The Tc graph of the inspected pipeline (Figure 2), where the anomalous pipe sections, with Tc < 50 Ωm, are identified using letters A to K. It is notable that the interval between 1,000 meters and 3,300 meters presents the lowest values of Tc.

Finally, in (Figure 2B), the path of 24-inch outer diameter oil pipeline is presented using the colors scale to indicate the coating condition, according to the Tc value. Figures 2 shows the pipeline section with more damages in the coating is in the interval of 1,000 to 3,300 meters. Based on the results, some representative points of the condition of pipeline coating (green, yellow and red zones) were selected for carry out excavations in order to verify the magnitude of the coating damage.

As indicated in Figure 2A, the excavation made in green zone shows the coating in good condition: two excavations in red show severe coating damages, while two excavations made in yellow zone show damages as fractures. Subsequent excavations in red zones showed coating discontinuities (holidays) and disbondment (Figure 2A) in the welding zone between pipeline sections of 12 meters in length. This result confirms SEMPI is able not only to locate but also quantify the coating damages.

Soil Corrosivity

Some soil parameters are taken into account to assess its corrosiveness, mainly electrical resistivity and pH. Electrical resistivity depends largely on soil moisture and salinity of pore-water, so it is an effective indicator of soil corrosion level. Lower soil resistivity values are related with high corrosivity. The opposite is also true, being commonly used to assess corrosion potential in underground pipeline.

A soil resistivity profile parallel (a separate 8 meters) to the pipeline route was obtained using EM induction equipment, EM31-MK2, for a maximum study depth of 3 meters. The lower-resistivity values (< 10 Ωm) focus on the pipeline intervals 500 to 3,200 meters and 5,600 to 7,800 meters.

The histogram of the Figure 3 shows the statistical distribution of soil resistivity values for 24-inch outer diameter oil pipeline, where 59% of the pipeline is buried in extremely corrosive soil, and about 30% of pipeline is buried in highly corrosive soil (Figure 3). In other words, 89% of the pipeline is at risk due to the high soil corrosivity.

Figure 3: Histogram of soil resistivity and corrosivity classification for 24-inch outer diameter oil pipeline.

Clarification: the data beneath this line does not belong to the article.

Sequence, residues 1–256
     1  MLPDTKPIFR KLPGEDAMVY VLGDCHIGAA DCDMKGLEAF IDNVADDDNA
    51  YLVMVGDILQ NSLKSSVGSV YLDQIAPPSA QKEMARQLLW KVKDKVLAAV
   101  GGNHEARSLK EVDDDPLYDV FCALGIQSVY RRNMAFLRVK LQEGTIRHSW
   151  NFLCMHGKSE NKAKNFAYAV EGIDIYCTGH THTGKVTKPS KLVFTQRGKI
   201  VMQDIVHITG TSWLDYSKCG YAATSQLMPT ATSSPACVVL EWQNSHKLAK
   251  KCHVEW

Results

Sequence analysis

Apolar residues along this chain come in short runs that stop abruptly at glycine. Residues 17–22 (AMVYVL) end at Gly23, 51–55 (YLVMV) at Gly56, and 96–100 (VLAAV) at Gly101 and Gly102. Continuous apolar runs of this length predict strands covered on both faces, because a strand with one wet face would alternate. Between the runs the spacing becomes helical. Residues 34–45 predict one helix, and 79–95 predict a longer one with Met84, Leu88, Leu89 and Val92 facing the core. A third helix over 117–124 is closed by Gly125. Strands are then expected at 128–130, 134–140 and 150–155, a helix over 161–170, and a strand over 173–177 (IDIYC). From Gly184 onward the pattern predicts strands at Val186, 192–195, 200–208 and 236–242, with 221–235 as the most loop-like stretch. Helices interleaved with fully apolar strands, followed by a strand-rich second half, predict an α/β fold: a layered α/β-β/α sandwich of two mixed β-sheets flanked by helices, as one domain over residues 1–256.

SEMPI technology was developed on the basis of transmission line (LT) theory, which allows for the modeling of different types of pipe coating damages, as well as different types of soil surrounding pipeline.

The main result of SEMPI is the determination of the coating resistance (Tc) values along a pipeline, which indicate the quality of the pipe coating. Successful results from the application of SEMPI technology in pipelines locate in the southeast part of Mexico, shows the effectiveness of the technology to determine the coating integrity of pipelines buried in very corrosive soil.  

Authors: Omar Delgado-Rodríguez is a geophysicist has 35 years working on near-surface geophysics, with expertise in the application of surface geoelectrical methods for solving environmental problems and in the surface electromagnetic coating inspection of buried pipelines. Currently, he works at IPICyT, San Luis Potosí, Mexico.

Aleksandr Mousatov is a geophysicist with 40 years working in geophysical exploration. He has worked on the development of electromagnetic methods, systems and measurement techniques. He was manager of Quantitative Geophysics at the Mexican Petroleum Institute.

Edgar Kiyoshi Nakamura-Labastida is an electronics expert with 22 years in the oil industry. He has worked on the development of surface and well electromagnetic methodsand evaluation tools for pipelines integrity. He is manager of Tools and Systems for Wells and Facilities at the Mexican Petroleum Institute

Vladimir Shevnin is a geophysicist with 45 years of experience on near-surface geophysics, with expertise in the application of surface geoelectrical methods related to surface electromagnetic coating inspection of buried pipelines. He works at Moscow State University, Moscow, Russia.